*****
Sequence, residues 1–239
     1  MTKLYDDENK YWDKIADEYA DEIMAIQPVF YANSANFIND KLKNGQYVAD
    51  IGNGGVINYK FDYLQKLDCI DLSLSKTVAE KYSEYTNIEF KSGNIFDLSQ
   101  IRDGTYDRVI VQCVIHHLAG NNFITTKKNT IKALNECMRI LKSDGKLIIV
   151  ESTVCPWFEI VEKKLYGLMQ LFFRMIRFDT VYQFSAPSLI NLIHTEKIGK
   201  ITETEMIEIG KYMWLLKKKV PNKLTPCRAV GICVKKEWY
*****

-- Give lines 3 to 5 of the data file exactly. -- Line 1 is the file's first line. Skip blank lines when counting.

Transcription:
    51  IGNGGVINYK FDYLQKLDCI DLSLSKTVAE KYSEYTNIEF KSGNIFDLSQ
   101  IRDGTYDRVI VQCVIHHLAG NNFITTKKNT IKALNECMRI LKSDGKLIIV
   151  ESTVCPWFEI VEKKLYGLMQ LFFRMIRFDT VYQFSAPSLI NLIHTEKIGK